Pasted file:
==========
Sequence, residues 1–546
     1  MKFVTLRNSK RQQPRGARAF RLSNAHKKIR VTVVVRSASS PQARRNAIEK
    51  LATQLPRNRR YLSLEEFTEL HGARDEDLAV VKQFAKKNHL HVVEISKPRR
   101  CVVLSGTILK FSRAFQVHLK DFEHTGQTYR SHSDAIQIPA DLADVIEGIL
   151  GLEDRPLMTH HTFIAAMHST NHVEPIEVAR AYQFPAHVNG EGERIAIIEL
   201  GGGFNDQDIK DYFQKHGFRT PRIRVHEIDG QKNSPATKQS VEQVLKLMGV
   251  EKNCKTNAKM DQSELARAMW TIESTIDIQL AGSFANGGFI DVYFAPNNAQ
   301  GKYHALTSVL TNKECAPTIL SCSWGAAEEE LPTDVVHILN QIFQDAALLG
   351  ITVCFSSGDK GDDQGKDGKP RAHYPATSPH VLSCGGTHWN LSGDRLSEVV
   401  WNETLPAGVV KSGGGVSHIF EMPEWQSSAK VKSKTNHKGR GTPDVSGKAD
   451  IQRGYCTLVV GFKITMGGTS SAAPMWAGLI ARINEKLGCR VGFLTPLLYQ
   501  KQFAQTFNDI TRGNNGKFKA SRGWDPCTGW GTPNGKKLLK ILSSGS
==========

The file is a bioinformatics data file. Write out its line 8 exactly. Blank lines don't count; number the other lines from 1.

   301  GKYHALTSVL TNKECAPTIL SCSWGAAEEE LPTDVVHILN QIFQDAALLG